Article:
Wed, Feb 07, 2007 - Page 6 News List

Somali leaders take a shot at reconciliation

COME TOGETHER Sixteen years after warlords toppled the dictator and then sank the country into chaos, leaders in Mogadishu are meeting in hopes of bringing security


The government has begun a weeklong meeting with an array of leaders in Mogadishu, which has seen spiraling violence over the past month, as part of promised efforts to reconcile Somalis after 16 years of conflict.

The capital and much of southern Somalia has borne the brunt of the country's conflict that began in 1991 when clan-based warlords toppled dictator Mohamed Siad Barre and then turned on one another, sinking the Horn of Africa country of 7 million people into chaos.

Mogadishu also saw the heaviest fighting when government forces -- backed by Ethiopian troops, warplanes and tanks -- ousted the country's Islamic movement from its southern Somalia strongholds that included the capital.

"I hope it will be the beginning of reconciliation among the people of Mogadishu, which is the mirror of all of Somalia and I hope if a solution is found here, other areas will be peaceful," Prime Minister Ali Mohamed Gedi told the meeting on Monday in comments broadcast on local radio.

Ismail Moalim Musse, chairman of the government-appointed national reconciliation commission, said that the elders, traditional chiefs, representatives of private aid and development groups will discuss their roles in restoring security in the capital and awareness programs on peace and security.

Musse declined to comment on whether warlords who had ruled Mogadishu for most of the last 16 years had been invited to the meeting. The major Mogadishu warlords in recent weeks handed over weapons and equipment and ordered their militias to camps where they are to be trained and join the national army.

The commission was formed in 2005 but has done little work, partly because the government was until recently unable to assert its authority beyond the southern town of Baidoa.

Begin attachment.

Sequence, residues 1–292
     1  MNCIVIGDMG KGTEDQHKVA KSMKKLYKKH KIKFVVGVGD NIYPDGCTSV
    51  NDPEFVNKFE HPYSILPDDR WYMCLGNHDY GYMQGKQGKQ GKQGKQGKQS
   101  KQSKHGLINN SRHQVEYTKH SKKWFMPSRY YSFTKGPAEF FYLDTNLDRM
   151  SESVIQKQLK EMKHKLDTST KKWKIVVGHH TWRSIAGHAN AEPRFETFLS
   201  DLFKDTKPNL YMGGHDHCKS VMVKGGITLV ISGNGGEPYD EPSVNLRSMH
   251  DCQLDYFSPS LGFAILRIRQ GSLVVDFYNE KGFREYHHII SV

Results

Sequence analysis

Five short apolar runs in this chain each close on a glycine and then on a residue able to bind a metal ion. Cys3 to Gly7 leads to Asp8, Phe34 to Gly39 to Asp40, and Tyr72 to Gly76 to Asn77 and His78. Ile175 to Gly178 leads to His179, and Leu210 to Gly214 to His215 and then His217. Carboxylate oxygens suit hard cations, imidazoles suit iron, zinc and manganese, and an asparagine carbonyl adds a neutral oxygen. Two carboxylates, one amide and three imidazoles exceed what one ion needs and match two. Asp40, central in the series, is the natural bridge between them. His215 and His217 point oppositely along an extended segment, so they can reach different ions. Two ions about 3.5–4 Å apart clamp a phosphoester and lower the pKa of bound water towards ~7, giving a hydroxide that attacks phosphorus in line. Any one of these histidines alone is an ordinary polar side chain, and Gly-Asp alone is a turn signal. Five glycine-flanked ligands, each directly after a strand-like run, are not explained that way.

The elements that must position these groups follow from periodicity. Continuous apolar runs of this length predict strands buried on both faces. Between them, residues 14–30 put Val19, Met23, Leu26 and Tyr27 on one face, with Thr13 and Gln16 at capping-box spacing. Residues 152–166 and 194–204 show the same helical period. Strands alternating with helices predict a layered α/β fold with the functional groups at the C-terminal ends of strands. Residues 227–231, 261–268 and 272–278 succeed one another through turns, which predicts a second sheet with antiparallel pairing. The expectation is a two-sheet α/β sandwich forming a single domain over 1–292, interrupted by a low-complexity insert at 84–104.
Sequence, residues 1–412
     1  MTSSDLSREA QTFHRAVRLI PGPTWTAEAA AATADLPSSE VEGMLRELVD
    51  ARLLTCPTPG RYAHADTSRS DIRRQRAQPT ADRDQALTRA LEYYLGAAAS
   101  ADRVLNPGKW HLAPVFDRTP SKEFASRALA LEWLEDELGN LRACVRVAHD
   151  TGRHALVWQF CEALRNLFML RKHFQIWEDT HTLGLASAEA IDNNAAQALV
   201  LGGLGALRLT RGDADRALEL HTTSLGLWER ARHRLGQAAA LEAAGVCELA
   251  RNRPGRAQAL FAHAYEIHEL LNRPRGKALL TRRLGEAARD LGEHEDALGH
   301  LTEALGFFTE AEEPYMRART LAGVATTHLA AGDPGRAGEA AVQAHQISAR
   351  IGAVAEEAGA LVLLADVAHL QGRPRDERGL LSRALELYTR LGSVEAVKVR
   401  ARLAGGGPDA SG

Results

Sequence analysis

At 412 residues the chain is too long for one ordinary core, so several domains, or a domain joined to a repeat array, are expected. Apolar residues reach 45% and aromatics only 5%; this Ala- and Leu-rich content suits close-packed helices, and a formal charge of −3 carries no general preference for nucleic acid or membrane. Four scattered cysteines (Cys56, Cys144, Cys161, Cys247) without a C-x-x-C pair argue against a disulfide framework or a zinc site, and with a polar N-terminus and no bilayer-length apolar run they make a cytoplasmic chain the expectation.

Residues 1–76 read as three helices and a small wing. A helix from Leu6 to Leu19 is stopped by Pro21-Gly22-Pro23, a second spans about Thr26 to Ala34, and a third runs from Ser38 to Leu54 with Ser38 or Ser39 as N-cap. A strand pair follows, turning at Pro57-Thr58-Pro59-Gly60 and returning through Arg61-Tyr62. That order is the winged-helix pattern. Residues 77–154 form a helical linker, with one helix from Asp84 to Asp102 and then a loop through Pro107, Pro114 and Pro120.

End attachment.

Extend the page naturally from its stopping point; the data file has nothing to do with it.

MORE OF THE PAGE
The two-year-old transitional government only managed to establish itself in the capital in December. The ousted Islamic movement, which still has strong support in Mogadishu, has vowed to wage an Iraq-style insurgency and clan rivalries also are a challenge for the government.

Ethiopia has said it cannot afford to keep its forces long in Somalia and has begun pulling out as the African Union (AU) presses ahead with preparations for a peacekeeping mission to Somalia. So far, the AU has received only half the 8,000 peacekeepers it believes is needed, but could start an initial deployment soon.

Three battalions of peacekeepers from Uganda and Nigeria are ready to be deployed in Somalia and will be airlifted in as soon as possible, a senior AU official said last week.

A leader of the Islamic movement that was ousted last month has said that a proposed peacekeeping force would not bring peace to Somalia.

The Islamic movement was credited with restoring order in areas of southern Somalia it controlled, but some Somalis chafed at its fundamentalist version of Islam and the US has accused it of harboring al-Qaeda suspects.

The transitional government was formed in 2004 with UN help. It has struggled to assert authority and heal clan rifts and was confined to Baidoa until Ethiopian troops arrived to help oust the Islamic movement.

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